Respectfully, Kevin
I think most, if not all, manufacturers will not recommend any aftermarket suspension products, and most, if not all, would likely void the warranty. That's how it is with many aftermarket "upgrades" as we call them. Personally, if I install aftermarket products, I do so after the warranty period and after a lot of very careful study and the application of experience.

Absolute respect for you too, friend!
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Old 04-13-2024, 08:44 PM   #11
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I used them 2 times and stuff that never moved in the trailer before was all over the place. Drawers that never opened were open. Couch cushions at the back were on the floor.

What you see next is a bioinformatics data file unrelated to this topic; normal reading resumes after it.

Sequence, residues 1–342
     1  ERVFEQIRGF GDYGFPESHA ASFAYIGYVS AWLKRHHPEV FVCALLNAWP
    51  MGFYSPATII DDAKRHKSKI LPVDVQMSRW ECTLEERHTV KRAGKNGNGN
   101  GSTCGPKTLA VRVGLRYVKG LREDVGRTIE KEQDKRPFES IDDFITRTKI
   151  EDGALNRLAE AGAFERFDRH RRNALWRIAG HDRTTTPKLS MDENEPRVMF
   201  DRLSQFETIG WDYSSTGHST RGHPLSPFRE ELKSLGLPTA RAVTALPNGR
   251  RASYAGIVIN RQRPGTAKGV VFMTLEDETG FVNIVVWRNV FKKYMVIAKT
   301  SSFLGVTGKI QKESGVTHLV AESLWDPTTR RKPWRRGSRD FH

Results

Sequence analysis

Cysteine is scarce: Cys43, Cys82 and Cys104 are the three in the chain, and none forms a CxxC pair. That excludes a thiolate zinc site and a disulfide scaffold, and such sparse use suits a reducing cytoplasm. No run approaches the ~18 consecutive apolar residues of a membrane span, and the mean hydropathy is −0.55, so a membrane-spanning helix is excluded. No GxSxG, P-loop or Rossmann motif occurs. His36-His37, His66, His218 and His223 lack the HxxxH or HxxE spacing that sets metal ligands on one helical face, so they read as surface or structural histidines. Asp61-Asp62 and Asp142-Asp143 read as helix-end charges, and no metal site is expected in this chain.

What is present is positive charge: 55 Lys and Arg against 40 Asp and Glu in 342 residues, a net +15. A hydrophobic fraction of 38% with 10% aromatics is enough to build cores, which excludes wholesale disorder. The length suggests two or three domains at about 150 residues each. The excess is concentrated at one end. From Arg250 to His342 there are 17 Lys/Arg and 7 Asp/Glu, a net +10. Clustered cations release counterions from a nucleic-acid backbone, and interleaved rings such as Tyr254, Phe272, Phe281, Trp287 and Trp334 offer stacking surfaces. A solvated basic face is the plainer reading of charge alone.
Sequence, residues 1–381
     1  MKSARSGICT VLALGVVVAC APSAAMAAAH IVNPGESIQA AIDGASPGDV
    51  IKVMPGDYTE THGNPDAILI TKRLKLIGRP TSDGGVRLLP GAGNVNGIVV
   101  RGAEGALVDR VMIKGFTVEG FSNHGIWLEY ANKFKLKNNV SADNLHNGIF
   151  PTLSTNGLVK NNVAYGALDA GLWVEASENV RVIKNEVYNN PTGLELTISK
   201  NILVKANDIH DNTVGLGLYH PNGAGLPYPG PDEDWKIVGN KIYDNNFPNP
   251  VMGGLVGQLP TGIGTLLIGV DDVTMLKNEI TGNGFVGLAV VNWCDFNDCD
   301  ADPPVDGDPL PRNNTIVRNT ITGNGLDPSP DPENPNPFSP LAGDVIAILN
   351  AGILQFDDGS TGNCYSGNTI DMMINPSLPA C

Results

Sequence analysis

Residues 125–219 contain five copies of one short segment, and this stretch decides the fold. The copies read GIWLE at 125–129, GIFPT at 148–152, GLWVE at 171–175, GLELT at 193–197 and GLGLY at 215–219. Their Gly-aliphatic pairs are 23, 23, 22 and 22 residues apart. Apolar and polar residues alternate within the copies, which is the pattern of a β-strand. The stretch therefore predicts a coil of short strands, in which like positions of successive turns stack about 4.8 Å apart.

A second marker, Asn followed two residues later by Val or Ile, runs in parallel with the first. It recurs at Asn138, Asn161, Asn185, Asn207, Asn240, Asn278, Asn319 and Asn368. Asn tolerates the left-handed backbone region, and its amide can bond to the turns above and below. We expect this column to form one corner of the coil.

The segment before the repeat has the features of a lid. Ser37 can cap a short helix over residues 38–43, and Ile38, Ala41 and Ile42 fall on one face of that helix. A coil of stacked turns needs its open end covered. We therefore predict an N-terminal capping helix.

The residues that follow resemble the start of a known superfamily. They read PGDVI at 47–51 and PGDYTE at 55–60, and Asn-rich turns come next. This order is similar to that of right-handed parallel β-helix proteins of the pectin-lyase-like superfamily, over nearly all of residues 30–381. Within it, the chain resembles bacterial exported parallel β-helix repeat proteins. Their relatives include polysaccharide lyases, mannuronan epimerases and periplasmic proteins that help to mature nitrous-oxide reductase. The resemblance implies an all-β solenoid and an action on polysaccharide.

Took them off, just sold them last week for a third of what I paid.
The money back guarantee they offer is a sham. Once you install them they will only give you about 50% back, unless they are new in the box still.

Some like them…I didn’t. They are like springs… they compress then spring back. The bouncing back is what I was trying to eliminate. I should have went with shocks, but this was an easier option. The Road Master shock kit is on its way now.
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Old 04-16-2024, 08:27 AM   #12
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Quote:
Originally Posted by jpphh4 View Post